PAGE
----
Rolling with it

By Breckyn Crocker
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CHUISDINO, Italy– For many years I watched the methodical hands of chefs on the Food Network piecing together their favorite recipes while I sat on my indented couch, soaking in every measurement and ingredient like a sponge. Many of these televised dishes included various ways of making chicken. Roasted, boiled, fried, marinated, glazed, and barbequed, I thought I’d seen all this poultry staple had to offer.

But at Spannocchia, I was not in my living room at home but in the kitchen cooking with a master of authentic, Tuscan cuisine. And it just so happened chicken was on the menu for our feast that afternoon.

This was not an ordinary chicken recipe nor was it smothered in mozzarella and tomato sauce like I had expected from an Italian kitchen. The chicken was a succulent slice of meat stuffed with a simple omelet, fresh asparagus, herbs, and parmesan cheese.

Loredana Betti, one of the long-time cooks at Spannochia, had an artful way of preparing the chicken, better than any cooking show I’d seen before. She sliced the chicken out like a butterfly, set the hot Parmesan omelet on top, as well as fresh asparagus and herbs. Then, she rolled the chicken pieces and tied them with butcher’s twine like a perfect bow on a present.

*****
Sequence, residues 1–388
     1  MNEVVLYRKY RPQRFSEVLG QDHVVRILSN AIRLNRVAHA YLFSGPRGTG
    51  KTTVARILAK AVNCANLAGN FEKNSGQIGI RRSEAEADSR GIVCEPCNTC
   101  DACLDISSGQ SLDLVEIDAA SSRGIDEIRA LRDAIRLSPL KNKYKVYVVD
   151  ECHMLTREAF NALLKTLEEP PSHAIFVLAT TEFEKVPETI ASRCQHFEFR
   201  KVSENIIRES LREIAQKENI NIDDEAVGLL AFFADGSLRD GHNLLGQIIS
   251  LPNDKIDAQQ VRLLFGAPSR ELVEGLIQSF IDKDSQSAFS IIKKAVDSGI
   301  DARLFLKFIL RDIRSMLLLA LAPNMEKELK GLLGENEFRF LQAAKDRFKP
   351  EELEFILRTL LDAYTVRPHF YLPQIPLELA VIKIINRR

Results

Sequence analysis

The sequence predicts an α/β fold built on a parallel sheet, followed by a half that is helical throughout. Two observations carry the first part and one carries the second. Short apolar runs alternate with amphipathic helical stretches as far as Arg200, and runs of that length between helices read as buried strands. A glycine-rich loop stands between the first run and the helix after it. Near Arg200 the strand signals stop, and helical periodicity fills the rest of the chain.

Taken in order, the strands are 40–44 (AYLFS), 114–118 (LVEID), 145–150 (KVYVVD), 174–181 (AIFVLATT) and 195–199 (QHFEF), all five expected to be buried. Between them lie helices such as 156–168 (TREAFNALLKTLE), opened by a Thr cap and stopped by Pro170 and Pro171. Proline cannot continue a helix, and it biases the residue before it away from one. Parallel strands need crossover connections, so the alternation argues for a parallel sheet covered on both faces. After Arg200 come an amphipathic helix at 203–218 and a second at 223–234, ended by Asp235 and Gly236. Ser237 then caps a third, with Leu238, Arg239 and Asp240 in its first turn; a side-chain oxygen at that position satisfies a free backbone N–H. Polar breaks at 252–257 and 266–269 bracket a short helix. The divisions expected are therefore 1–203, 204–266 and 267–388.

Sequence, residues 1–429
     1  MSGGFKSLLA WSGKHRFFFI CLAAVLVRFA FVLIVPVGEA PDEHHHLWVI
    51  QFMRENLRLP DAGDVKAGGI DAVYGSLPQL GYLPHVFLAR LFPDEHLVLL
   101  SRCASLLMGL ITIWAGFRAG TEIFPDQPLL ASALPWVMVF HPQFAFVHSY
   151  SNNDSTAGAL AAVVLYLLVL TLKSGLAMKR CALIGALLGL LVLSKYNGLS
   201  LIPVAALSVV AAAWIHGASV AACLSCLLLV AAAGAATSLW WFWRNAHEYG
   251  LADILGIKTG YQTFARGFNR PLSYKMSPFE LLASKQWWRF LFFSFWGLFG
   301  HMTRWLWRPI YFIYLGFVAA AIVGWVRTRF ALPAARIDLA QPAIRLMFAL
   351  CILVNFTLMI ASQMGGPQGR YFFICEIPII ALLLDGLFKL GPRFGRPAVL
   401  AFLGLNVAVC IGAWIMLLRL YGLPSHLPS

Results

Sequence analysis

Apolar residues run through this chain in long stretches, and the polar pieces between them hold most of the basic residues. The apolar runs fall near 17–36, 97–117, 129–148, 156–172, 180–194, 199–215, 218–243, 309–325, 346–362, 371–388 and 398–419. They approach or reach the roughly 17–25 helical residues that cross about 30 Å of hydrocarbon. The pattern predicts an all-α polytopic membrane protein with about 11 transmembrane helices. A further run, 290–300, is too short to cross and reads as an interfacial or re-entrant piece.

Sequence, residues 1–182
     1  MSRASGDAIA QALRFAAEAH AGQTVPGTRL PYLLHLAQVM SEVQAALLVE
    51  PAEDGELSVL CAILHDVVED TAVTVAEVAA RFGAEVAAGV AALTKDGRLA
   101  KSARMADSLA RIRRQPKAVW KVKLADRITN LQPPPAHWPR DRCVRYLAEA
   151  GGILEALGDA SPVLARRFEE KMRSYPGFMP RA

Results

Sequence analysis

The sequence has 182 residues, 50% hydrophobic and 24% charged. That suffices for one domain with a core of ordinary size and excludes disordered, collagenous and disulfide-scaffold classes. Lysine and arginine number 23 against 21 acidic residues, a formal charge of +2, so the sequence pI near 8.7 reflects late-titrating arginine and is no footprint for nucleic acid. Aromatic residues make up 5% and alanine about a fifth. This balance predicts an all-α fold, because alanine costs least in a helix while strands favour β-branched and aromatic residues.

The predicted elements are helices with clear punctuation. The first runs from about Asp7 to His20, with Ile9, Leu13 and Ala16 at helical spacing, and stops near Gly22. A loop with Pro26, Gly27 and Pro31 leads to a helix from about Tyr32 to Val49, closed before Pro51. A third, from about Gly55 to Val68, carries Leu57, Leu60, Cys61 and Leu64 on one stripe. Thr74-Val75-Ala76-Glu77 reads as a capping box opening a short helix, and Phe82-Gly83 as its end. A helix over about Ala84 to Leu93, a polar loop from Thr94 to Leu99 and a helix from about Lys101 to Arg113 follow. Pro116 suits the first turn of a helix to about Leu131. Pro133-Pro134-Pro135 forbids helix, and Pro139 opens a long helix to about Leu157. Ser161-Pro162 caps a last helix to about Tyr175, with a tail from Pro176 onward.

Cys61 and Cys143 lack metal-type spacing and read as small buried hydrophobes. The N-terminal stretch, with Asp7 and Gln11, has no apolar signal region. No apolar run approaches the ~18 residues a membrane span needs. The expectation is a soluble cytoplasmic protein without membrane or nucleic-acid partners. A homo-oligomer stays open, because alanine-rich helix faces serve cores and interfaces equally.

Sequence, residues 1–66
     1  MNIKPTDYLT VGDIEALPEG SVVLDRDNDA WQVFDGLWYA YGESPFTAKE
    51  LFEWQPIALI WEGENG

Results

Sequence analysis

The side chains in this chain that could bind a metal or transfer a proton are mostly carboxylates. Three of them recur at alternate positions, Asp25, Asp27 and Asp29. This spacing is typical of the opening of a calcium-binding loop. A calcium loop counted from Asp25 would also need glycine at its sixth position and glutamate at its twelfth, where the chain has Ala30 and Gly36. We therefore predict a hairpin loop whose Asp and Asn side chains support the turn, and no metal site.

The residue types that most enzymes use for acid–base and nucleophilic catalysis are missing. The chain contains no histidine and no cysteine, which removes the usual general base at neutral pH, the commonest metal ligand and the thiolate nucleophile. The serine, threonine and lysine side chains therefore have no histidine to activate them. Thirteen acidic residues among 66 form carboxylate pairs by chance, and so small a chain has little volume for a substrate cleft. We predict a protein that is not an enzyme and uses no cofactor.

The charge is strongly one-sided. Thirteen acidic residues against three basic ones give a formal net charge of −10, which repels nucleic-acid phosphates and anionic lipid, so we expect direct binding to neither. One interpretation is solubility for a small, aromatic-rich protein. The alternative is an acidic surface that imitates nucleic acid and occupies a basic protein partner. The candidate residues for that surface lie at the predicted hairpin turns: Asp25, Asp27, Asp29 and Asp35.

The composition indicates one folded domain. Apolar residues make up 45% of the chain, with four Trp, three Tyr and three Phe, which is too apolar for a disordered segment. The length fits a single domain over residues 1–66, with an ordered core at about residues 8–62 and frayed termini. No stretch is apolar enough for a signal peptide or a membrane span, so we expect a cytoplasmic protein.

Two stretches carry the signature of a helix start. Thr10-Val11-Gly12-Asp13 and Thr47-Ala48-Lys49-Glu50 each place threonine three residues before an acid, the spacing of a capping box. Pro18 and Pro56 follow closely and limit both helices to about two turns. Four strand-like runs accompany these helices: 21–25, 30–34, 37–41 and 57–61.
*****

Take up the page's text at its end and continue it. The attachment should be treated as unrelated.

The feast that afternoon included an appetizer of gorgonzola and pear crostinis, a first course of homemade tagliatelle with a garden-fresh pasta sauce, herbed zucchini as a side, and a light yet rich dessert of tiramisu. But out of all that heavenly deliciousness, my favorite part was the rotolo di petto di pollo or stuffed and baked chicken roll. The chicken was perfectly tender to accompany the juicy crunch from the asparagus as well as the surprise guest —the cheesy omelet. Maybe it was the simple ingredients that reminded me of my home that I love or maybe it was just the Tuscan version of chicken. In either case, when it comes to Italians and chicken, I’ve learned to roll with it.

Rotolo di Petto di Pollo
Stuffed and Baked Chicken Roll
Serves 6

2 large de-boned chicken breasts
juice from a fresh lemon
salt to taste
4 eggs
4 Tablespoons Parmesan cheese
1 cup of spinach (or asparagus), cooked, and drained
small handful of pine nuts
4 Tablespoons olive oil
1 sprig rosemary
5 sage leaves
3 cloves garlic
8 ounces of white wine

Pre-heat the oven to 400 degrees F. Cut each chicken breast in half. Take each half and butterfly it so it lays flat. Squeeze fresh lemon over the meat for flavor. Sprinkle chicken with salt to taste. Whisk the eggs and pour half the mixture into a frying pan and make an omelet. Repeat to make a second omelet. Cut each omelet into two equal parts. Put an omelet piece into each open chicken breast. Sprinkle the omelet with one tablespoon Parmesan cheese. Now add a quarter of the spinach or asparagus and a quarter of the pine nuts. Roll the chicken tightly closed, and tie it in three places with butcher’s twine. Put the chicken rolls in a oven-safe pan and add the olive oil, rosemary, sage, garlic, salt, and pepper. Cook in the oven for 40 minutes. Remove pan from the oven and pour white wine over the chicken. Place pan back in the back in the oven for another 5 minutes. Turn off the oven. You can either serve it immediately, or leave it in the oven (with the door open) until ready to serve. Before serving, cut each roll into several thick slices to show the interior layers and arrange on a large tray.


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Filed under MU Journalism Abroad, Science ad Agricultual Journalism, Spannocchia

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